Budget likely to get school board approval $452.9 million is 6.7 percent increase

February 18, 1997|By Andrea F. Siegel | Andrea F. Siegel,SUN STAFF

Anne Arundel County school board members are likely to adopt Superintendent Carol S. Parham's $452.9 million proposed budget tomorrow with little tinkering, saying the 6.7 percent increase over the current spending plan is needed after two lean budget years.

"This is one of the most student-centered budgets that we have had in many a year," said board Vice President Carlesa R. Finney of Glen Burnie.

Board members said recent budgets left little money beyond what was needed for required programs such as special education and health, and adding teachers for new students.

"There isn't much to cut that I see here," said board member Paul G. Rudolph of Severna Park.

"This budget is aimed at the critical mass. I hope it survives that way," said board member Thomas E. Florestano of Crofton.

Their agreement probably was predictable, given the lack of dissension at public hearings this year. Most of the parents who showed up praised what is in the proposal, rather than complained about what is missing, as they have in previous years.

The budget would add $7.5 million for nearly 247 new jobs, $1.8 million for school computers, and $130,000 for standardized testing in grades two, four and six.

Parham's proposal includes 49 new teachers to meet an expected enrollment increase of 1,000 students, two teachers for North County sixth-graders who are still in elementary instead of middle schools, and two maintenance workers who will do only roof repairs.

Questions likely

Although some initiatives -- such as making sure that every elementary school has a reading teacher -- are championed by nearly all of the board members, others -- such as hiring more secretaries -- are likely to be questioned by some.

"We have to bolster the capabilities of our students," said Steven H. White Jr., student member of the board.

A committee consisting mostly of principals said recently that county elementary and middle schools were understaffed by 175 workers, including 118 secretarial jobs.

Board members might be asked to consider increasing spending on textbooks. A recent book audit confirmed what school administrators said last year, that they are at least $6 million behind in textbooks. Parham proposed adding $500,000 to start buying books, but board President Joseph H. Foster thinks that is not enough.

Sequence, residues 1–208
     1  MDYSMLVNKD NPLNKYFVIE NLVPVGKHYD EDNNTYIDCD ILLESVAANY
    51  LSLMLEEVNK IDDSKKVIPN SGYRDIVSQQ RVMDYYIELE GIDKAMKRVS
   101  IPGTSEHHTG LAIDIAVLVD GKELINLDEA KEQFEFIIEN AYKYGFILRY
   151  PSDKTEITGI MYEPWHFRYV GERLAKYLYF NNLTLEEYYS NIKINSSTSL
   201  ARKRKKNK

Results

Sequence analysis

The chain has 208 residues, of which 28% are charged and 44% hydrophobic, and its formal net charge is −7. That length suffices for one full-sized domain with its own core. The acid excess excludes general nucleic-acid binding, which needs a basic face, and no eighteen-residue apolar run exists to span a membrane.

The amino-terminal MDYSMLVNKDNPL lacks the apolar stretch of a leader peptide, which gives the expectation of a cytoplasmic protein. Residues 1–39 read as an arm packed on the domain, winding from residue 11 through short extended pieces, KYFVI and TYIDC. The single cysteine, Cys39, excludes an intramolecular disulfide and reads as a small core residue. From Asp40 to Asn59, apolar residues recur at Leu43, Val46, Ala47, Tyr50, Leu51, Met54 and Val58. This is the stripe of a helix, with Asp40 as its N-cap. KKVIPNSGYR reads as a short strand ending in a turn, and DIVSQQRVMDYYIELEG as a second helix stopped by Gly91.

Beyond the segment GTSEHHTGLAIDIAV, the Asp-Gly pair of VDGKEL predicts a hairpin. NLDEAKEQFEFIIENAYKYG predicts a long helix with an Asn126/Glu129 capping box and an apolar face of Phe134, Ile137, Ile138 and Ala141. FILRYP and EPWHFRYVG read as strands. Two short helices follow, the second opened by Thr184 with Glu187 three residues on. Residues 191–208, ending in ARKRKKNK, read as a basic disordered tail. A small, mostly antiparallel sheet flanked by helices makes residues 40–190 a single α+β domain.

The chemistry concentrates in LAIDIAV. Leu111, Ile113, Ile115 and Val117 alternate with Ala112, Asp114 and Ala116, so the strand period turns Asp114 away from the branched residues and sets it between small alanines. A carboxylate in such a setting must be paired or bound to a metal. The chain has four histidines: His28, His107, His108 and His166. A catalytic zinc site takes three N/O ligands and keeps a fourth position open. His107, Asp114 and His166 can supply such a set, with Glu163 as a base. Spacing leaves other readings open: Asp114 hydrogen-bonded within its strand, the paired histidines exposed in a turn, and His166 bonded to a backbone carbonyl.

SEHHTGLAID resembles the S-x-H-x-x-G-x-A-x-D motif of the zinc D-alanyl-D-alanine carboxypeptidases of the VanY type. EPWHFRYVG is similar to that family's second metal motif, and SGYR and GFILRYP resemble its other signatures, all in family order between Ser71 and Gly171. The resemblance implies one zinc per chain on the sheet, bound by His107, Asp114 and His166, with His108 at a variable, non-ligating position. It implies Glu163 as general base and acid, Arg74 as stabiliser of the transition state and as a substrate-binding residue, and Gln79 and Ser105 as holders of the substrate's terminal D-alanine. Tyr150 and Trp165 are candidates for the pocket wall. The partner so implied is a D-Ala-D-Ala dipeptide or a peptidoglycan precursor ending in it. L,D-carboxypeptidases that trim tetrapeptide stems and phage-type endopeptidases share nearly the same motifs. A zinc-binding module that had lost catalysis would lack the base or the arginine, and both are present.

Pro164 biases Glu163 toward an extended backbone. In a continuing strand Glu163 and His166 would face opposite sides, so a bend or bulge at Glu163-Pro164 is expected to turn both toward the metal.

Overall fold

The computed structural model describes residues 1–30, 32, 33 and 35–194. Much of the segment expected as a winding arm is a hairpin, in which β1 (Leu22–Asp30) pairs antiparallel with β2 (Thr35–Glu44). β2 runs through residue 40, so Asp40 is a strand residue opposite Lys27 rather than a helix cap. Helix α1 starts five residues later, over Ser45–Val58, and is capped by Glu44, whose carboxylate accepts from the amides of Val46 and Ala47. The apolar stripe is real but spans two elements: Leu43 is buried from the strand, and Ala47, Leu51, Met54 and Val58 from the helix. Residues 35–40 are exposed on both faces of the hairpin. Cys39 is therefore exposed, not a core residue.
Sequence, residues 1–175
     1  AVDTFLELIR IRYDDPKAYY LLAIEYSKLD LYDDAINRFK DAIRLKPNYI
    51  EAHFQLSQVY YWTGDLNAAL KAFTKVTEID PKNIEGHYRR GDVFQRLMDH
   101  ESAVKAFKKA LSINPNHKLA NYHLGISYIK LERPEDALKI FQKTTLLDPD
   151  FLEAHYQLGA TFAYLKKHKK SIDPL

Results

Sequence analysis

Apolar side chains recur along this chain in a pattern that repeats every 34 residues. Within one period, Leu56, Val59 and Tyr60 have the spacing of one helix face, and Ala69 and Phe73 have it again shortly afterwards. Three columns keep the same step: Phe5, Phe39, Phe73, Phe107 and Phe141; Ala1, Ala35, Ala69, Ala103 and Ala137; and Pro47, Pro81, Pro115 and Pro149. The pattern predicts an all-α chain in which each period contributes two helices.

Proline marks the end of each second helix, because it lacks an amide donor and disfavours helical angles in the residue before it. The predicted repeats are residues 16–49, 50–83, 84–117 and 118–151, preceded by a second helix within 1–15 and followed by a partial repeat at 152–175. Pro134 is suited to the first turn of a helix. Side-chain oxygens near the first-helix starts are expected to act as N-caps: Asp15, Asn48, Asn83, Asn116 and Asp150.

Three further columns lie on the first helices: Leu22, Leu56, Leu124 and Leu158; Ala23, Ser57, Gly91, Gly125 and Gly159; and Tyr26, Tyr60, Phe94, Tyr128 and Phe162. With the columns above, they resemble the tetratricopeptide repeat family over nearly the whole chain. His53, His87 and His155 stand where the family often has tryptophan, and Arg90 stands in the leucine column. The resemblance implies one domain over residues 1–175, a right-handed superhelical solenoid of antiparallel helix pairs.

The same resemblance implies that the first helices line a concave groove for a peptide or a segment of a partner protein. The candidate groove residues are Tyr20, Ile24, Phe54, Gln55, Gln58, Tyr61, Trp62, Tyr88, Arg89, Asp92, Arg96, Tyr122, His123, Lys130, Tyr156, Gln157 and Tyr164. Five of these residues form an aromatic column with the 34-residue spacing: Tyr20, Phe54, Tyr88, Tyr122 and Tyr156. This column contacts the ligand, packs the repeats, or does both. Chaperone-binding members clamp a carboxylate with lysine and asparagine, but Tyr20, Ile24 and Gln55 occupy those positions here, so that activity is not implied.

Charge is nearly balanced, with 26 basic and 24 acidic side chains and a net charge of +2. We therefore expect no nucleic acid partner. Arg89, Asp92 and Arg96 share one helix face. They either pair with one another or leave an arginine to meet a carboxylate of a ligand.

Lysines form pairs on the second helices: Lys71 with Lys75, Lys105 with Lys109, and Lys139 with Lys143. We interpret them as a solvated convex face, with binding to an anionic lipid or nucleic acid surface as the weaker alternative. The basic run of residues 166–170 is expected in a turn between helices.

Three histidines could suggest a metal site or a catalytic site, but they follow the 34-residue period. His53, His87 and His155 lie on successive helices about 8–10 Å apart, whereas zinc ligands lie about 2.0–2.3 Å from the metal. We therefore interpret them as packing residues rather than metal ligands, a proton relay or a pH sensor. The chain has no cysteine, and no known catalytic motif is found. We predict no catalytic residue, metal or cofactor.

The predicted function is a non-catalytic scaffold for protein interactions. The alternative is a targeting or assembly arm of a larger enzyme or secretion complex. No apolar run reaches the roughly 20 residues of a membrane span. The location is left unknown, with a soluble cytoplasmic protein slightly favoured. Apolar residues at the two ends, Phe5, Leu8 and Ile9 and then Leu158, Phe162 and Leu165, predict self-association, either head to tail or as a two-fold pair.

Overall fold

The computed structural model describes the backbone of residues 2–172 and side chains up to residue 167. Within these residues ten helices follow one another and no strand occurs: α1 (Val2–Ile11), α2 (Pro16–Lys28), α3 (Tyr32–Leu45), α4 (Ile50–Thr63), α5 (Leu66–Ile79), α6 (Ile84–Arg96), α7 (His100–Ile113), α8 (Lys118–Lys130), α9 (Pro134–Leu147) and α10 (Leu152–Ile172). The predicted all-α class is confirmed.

"I think we need to take a bigger bite out of that apple," he said. "I think we need to increase that substantially, probably up to around the $2 million mark."

Textbooks are a sore topic for many parents. They were furious two years ago, when money from the budget category that includes books was siphoned off for other uses.

Last year, they complained that without enough books for each student to take one home, students were reading "Huckleberry Finn" in class. PTAs have been supplementing school textbook purchases.

Parham also included nearly $158,000 for nine teacher assistants to run in-school suspension programs in half of the county's middle schools, part of an attempt to overhaul the troubled middle school program.

Parham plan questioned

The superintendent said she plans to add the remaining schools to the program in the 1998-1999 school year, but a few board members wonder whether it might be better to do all of the schools at once.

"If it is worth doing, it is worth doing at all of them. And I think it is worth doing," said Foster.

A school board committee is negotiating with the four employee unions, leaving the board to guess at a number for personnel costs tomorrow or submit a supplemental request to County Executive John G. Gary once contracts are ratified. The board's budget must go to the executive's office by the end of the month.

The board also will have to re-authorize its capital budget plan, which is likely to have two gaps in it, money for rebuilding or renovating Brooklyn Park and Southern middle schools.

The school system is developing new specifications for its middle schools that will use less space and therefore cost less. How and whether they can be applied to Brooklyn Park and Southern is not known. Without that information, the board is unlikely to decide tomorrow on what to do with those schools.

The budget, the last item on the agenda, is scheduled to be discussed starting at 10 p.m. at the Board of Education building in Annapolis.

Pub Date: 2/18/97

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